- Kushner is a lot like RTD in his treatment of love. The chase, lust, adultery. (Who has the fucking time? Seriously, the prevalence of this ‘everyone is cheating as a matter of course’ motif in relatively contemporary art is like, a mass hallucination in which ALL people spend vast quantities of sheer bloody time (in late capitalism?!) and emotional energy no one has on this process of fucking about for mediocre results or because they can’t help it, like we live in Les Liaisons dangereuse? I think everyone read a blousy Guardian article about the French and got over-excited en masse.) I don’t want to say these are topics favored by gay men of a certain age but it’s difficult not to arrive there, in a way? He rarely shows settled romantic relationships in a good place (part, I think, of why the mother is banished from this narrative by the Victorian device of childbed death). He does the rush of physical infatuation, relationships falling apart and spurned habitual love rather than the ecstasies of the fall or the complacencies and delights of substantive affection. The hustler in this or the fairy-tale couple in Dybbukmight give the lie to this, but generally I think I’m right (as per usual, right). There’s much to be said on Davies as an uncommitted writer of romantic love (with the exception of some parts of Bob&Rose), but that’s another essay—one to piss off any Ten/Rose fans around these parts, I guess.
- Via Pill, Gus says some very unfair things about Fabian socialism and Shaw (so it’s a joke about the play’s title too, in a way). But I see why he would.
- A core question of the second to last scene, which in may ways feels like the play’s ending, is ‘whither now communism?’ Passionate and intelligent lifelong adherent Gus cannot see a way forward for the struggle given the current position of class politics in the world, and thus cannot see any release or true betterment for mankind. This is something I’ve thought about, along with many, many other people I’m certain, so it’s good to see it addressed in fiction rather than in yet another fucking thinkpiece (I read too many—though I’m not certain, actually, that I’ve seen this topic brought up in these terms).
- This is a play with a lot of stuff and no answers. Maybe Kusher is abdicating that responsibility or refusing to be perfect, to answer, as a point. This is a less polished work than Angels, but then Angels probably seemed more definitively ‘answering’ and like a unified theory of everything when I read it as a freshman. From the wiki, it seems like this might be a play Kushner himself isn’t final-form happy with: his Platanov/Wild Honey/Untitled, but done in his mid-late career rather than at the very start. I don’t know if I liked this play exactly, but I’ve thought so much about how it works, and I do think that’s valuable. The one disappointing thing is, I don’t know how much I’ve responded to it by thinking about the questions it raised and its responses to them.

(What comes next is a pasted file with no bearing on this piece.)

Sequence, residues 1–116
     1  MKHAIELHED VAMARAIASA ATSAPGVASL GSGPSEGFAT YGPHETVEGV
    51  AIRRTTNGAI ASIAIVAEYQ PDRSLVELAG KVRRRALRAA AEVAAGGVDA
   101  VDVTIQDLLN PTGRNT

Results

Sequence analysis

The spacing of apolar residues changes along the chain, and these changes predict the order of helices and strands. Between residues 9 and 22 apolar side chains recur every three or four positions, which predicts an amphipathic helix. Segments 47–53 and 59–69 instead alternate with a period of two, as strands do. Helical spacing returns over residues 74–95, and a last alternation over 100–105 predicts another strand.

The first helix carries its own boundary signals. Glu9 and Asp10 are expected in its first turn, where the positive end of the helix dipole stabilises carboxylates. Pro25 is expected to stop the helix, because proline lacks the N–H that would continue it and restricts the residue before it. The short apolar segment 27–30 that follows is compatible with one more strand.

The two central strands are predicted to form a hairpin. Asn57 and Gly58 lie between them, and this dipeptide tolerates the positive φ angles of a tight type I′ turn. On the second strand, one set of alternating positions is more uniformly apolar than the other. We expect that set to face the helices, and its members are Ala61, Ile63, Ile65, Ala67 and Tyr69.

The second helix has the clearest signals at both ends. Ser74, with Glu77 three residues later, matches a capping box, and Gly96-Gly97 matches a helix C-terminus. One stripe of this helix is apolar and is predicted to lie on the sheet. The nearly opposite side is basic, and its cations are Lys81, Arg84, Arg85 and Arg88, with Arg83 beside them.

You may well have heard about Steven Universe (and if you’re aware of the show, you might also be interested in some criticism about it—fingers crossed!). In certain circles (people active on Tumblr and other major media fandom platforms, USians with young children, etc.), this American Cartoon Network show, technically on the cusp of its third season, has been talked up ad nauseum. But outside of the aforementioned circles, the program is far less Universally known (that’s a truly awful pun, and I’m not particularly sorry). Whether or not you’re saturated with Steven, it still merits discussion by virtue of being simultaneously one of the best children’s programs and one of the best science fiction programs of its generation.
Full review here.
I edited this.
Welcome to this month’s book club! On the fourth Monday of each month, we post a round-table discussion about a speculative work (or work of interest to readers of SF), and we invite you to join us for further conversation in the comments. December’s book will be Ancient, Ancient by Kiini Ibura Salaam, and other forthcoming discussions are listed here.
This month’s book is The Girl in the Road by Monica Byrne, joint winner (with Jo Walton’s My Real Children) of this year’s James Tiptree, Jr. Award. From the blurb: “In a world where global power has shifted east and revolution is brewing, two women embark on vastly different journeys—each harrowing and urgent and wholly unexpected.” From the Tiptree jury’s comments: “Through the eyes of two narrators linked by a single act of violence, the reader is brought to confront shifting ideas of gender, class, and human agency and dignity.”
Read full article here.
To understand Carmilla, a popular 2014 Canadian web series based on Sheridan Le Fanu’s 1871 vampirenovella of the same name (I’m going to exclusively discuss the initial 2014 season herein), we have to talk briefly about two other wildly popular Internet series.
Full review here.